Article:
Magenta and Sleeping Giant

The Herringthorpe Leisure Centre - Rotherham, England - 12 July 2003

Concert Review




Review © Stephen Lambe 2003
Images © Chris Walkden 2003
HTML and Editing © Russ Elliot 2003
formatted for 800 x 600 or larger windows
Last updated: 12 October 2003



This was an interesting prospect--a double-bill of Magenta, the "great white hope" of European melodic prog, combined with the more song-orientated Sleeping Giant, in so far, a rare headlining gig.

Magenta brought with them a feeling of rare expectation. With their debut album Revolutions (review) having received ecstatic reviews throughout the prog world, what would they be like as a live unit? Thankfully, they were a revelation! Within the first few minutes of set opener a full length "Children of the Sun" it became clear that the band were seriously good!

Though the Revolutions album is deliberately derivative, as a live unit the band seem to have developed a character of their own. Christina Boothís vocals were powerful and well pitched--note perfect, in fact--she can certainly produce the goods in a live setting, while band leader Rob Reed--on keyboards only in the live band--also impressed with his dexterity and subtlety. Martin Rosser provided some useful rhythm guitar, and, in particular, some very tasteful acoustic moments. However, star of the performance, and indeed the evening, was guitarist Chris Fry who turned in a virtuoso performance. Chris is very much a "Strat" player, playing his Fender with genuine invention and joy. He turned in one of the best--and most unexpected--instrumental performances I have seen for years.

As I enjoyed their hour long set of wonderfully performed, shortened versions of their first album, (and an impressive new song), it occured to me that I like their style as well. Rob Reed, for instance, knows that with modern keyboard patches, there is no need for huge banks of keyboards, so he did it all on just one! The audience gave them a superb reception and the message was from the band loud and clear. Itís the music that matters, and the music is simply wonderful.

View an exclusive selection of Chris Walkden's photos of Magenta taken at the gig. The images will appear individually in a new window and will advance under your control.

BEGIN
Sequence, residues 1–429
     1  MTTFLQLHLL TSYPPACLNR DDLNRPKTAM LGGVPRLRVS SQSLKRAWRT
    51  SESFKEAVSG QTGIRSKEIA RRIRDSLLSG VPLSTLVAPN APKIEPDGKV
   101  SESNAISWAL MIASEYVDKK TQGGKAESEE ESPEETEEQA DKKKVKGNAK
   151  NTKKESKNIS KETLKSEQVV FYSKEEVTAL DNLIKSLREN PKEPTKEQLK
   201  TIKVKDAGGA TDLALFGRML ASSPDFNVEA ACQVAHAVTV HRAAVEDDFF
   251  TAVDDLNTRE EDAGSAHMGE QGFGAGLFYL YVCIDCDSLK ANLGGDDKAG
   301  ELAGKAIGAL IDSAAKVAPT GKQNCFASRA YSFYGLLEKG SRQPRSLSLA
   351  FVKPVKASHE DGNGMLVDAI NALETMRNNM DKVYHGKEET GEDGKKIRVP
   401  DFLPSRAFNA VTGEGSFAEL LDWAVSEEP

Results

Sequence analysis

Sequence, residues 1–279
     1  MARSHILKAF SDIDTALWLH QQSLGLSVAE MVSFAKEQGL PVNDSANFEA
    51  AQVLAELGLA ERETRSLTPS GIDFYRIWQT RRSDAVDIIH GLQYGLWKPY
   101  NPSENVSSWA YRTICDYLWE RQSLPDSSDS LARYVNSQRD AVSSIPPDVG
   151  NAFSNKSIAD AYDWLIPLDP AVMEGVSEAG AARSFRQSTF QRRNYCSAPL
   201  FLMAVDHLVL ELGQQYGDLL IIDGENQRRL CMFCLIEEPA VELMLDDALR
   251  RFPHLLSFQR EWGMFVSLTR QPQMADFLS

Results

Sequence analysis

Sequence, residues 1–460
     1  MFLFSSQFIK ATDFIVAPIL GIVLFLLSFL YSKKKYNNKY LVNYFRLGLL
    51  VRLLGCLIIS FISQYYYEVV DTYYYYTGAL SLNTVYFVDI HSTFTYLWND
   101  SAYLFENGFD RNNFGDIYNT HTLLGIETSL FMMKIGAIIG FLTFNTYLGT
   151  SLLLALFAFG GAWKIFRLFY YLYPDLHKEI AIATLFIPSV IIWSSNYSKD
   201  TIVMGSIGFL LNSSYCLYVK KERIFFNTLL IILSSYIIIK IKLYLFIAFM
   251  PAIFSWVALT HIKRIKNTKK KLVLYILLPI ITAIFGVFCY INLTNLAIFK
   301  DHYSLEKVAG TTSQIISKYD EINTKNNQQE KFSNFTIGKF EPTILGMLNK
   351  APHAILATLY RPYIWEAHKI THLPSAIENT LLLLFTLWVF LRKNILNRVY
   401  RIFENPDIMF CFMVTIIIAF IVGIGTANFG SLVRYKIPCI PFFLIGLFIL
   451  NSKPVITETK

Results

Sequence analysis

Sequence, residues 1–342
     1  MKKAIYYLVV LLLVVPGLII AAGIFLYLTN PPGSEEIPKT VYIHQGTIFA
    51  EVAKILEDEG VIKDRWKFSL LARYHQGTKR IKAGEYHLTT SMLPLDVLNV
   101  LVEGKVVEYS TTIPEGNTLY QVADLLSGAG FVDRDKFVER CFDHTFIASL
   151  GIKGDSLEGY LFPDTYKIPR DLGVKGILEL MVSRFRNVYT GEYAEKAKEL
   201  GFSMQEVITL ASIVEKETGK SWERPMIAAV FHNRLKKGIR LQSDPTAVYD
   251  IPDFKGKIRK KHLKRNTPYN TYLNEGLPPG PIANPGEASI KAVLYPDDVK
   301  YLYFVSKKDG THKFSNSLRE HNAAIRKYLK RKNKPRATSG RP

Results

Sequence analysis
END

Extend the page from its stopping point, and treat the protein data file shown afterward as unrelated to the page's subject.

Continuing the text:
I have grown to like Sleeping Giant a lot over the last year or so, and was looking forward to seeing them stretch their wings a little over a full set.

I was not disappointed, with Charlotte Evans in fine voice and in confident mood, and Dave Foster, playing a variety of wildly exotic guitars, in excellent form as always, and soloing with great skill when he got the chance. James Rimmerís keyboard work was understated in the main, but occasionally it delighted, especially during his lovely piano riff on "Nothing More" from the excellent "Embers" EP. The rhythm section of Leon Parr (drums) and especially Simon Crumley on bass particularly impressed over the longer set.

The main feature of Sleeping Giant's music is that it is very difficult to categorise. I suppose it is unusually complex pop-rock with elements of funk and a lot of restraint in the playing to emphasise the quality of the songs. The songs, of course, are excellent, certainly rewarding familiarity. However, there was a lack of emotion about the band, despite Charlotte's soulful vocal efforts, that made the set feel a little one-paced. As a result, one wonders if they will ever really break through to a wider audience? It is not difficult to imagine people liking them, but do they have the capacity to make people love them in the same way that Mostly Autumn (for instance) do? Nonetheless, an excellent performance by a very talented and amiable band.--Stephen Lambe

View an exclusive selection of Chris Walkden's photos of Sleeping Giant taken at the gig. The images will appear individually in a new window and will advance under your control.


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